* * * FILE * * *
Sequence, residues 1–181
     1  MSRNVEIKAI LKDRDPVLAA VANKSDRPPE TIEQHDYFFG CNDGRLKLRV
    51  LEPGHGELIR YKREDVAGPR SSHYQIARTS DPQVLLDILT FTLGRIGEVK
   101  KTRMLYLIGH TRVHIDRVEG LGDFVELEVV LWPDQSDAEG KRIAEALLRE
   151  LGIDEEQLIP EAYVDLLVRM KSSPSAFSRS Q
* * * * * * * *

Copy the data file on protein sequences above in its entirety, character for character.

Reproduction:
Sequence, residues 1–181
     1  MSRNVEIKAI LKDRDPVLAA VANKSDRPPE TIEQHDYFFG CNDGRLKLRV
    51  LEPGHGELIR YKREDVAGPR SSHYQIARTS DPQVLLDILT FTLGRIGEVK
   101  KTRMLYLIGH TRVHIDRVEG LGDFVELEVV LWPDQSDAEG KRIAEALLRE
   151  LGIDEEQLIP EAYVDLLVRM KSSPSAFSRS Q